Life is tough enough. Add our pandemic health and tsunami economic challenges to the mix and conflicts are bound to sprout up everywhere … at home and on the job.
It’s like getting bitten by a rattlesnake.
Just like one man I remember who was rushed to the hospital after he had been bitten by a rattlesnake. When he asked the doctor, “Is it life-threatening?” the doctor said, “The bite isn’t, but the poison is.”
I think the same thing could be said about our current situation nationally and globally. The virus is one thing but how we manage it is even more important.
But I want to talk to you personally today about what you can do if you find yourself having more poison or conflicts in your relationships these days. After all, people are responding differently to the fear, anxiety, and uncertainty this virus creates, which can translate into disagreements about how they can attempt to stay virus-free.
For example, two of my friends were arguing about dinner plans. Susan wanted to order takeout, but her husband Marcus didn’t think it was a good idea. Finding it difficult to talk about, they ignored the issue for a while until Susan got hungry and ordered the food. Marcus responded with an eye roll of indignation. “I didn’t think it was a big deal, but obviously he did,” Susan said.
All of us need to be extra effective with our conflict resolution skills right now. And these tips will help.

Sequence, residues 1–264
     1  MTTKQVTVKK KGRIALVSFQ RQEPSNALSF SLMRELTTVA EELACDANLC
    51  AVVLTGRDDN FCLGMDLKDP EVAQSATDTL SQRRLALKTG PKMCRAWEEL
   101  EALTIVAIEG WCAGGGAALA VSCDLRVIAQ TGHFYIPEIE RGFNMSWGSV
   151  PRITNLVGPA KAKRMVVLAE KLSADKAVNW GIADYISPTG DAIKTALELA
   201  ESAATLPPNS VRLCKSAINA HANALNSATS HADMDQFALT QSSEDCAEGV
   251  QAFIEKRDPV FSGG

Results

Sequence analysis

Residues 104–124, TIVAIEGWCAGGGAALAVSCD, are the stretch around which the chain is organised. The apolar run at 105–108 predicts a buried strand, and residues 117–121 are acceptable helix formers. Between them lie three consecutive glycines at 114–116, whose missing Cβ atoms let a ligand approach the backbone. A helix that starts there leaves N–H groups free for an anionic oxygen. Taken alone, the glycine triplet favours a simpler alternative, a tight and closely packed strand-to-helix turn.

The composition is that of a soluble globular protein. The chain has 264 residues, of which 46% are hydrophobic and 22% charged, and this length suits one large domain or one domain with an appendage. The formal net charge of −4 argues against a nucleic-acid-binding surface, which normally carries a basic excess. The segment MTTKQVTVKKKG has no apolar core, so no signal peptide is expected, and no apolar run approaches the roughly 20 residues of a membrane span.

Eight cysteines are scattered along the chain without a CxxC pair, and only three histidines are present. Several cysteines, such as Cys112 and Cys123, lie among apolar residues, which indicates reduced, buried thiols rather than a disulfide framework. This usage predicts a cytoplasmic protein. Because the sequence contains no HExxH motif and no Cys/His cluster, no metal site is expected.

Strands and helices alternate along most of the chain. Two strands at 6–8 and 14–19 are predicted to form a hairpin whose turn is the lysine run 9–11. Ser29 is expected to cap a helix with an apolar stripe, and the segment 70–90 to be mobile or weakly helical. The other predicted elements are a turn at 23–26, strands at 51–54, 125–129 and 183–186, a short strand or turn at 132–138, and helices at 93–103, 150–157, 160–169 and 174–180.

► 1. Ask yourself three questions before you confront someone.
There’s a popular myth out there that says you should just tell it the way it is. Let it all hang out. In other words, if you don’t like or agree with what someone is doing, tell them in no uncertain terms.
It might sound noble. You might even justify such behavior by saying “I’m just being honest.” No, you’re not. You’re being stupid … because that approach almost never works. If you spend your life correcting people you’ll finish up with no credibility and no friends.
You’ll have a lot more success if you ask yourself these questions before you speak. They tend to filter out the destructive elements in your communication and encourage the other person to listen to you.
a. Is it important?
If it involves a destructive habit, an abusive behavior, a major error in thinking, or a situation that could hurt the other person, it’s important. You’ve passed the first step to opening your mouth.
b. Is it chronic?
If you observe the same thing happening over and over, it probably merits your attention and your bringing it to the other person’s attention.
c. Have you earned the right to speak?
If a casual acquaintance does something unwise, it’s probably none of your business. But if someone close to you does it, it’s both appropriate and loving to say, “That will hurt you.”
When you answer all three questions with a “yes,” you can move on to the next tip.
► 2. Be willing to accept your piece of the conflict.
Have you intentionally or unintentionally contributed to the conflict or the issue in any way?